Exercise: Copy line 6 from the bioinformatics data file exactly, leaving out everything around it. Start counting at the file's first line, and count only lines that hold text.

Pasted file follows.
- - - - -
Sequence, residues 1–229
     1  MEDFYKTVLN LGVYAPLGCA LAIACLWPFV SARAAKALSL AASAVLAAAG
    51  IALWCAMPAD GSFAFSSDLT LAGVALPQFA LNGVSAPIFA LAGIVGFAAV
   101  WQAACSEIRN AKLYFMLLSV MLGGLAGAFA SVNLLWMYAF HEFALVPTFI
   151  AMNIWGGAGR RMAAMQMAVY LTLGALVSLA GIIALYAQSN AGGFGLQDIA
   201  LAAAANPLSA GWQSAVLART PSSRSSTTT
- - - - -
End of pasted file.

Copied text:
   201  LAAAANPLSA GWQSAVLART PSSRSSTTT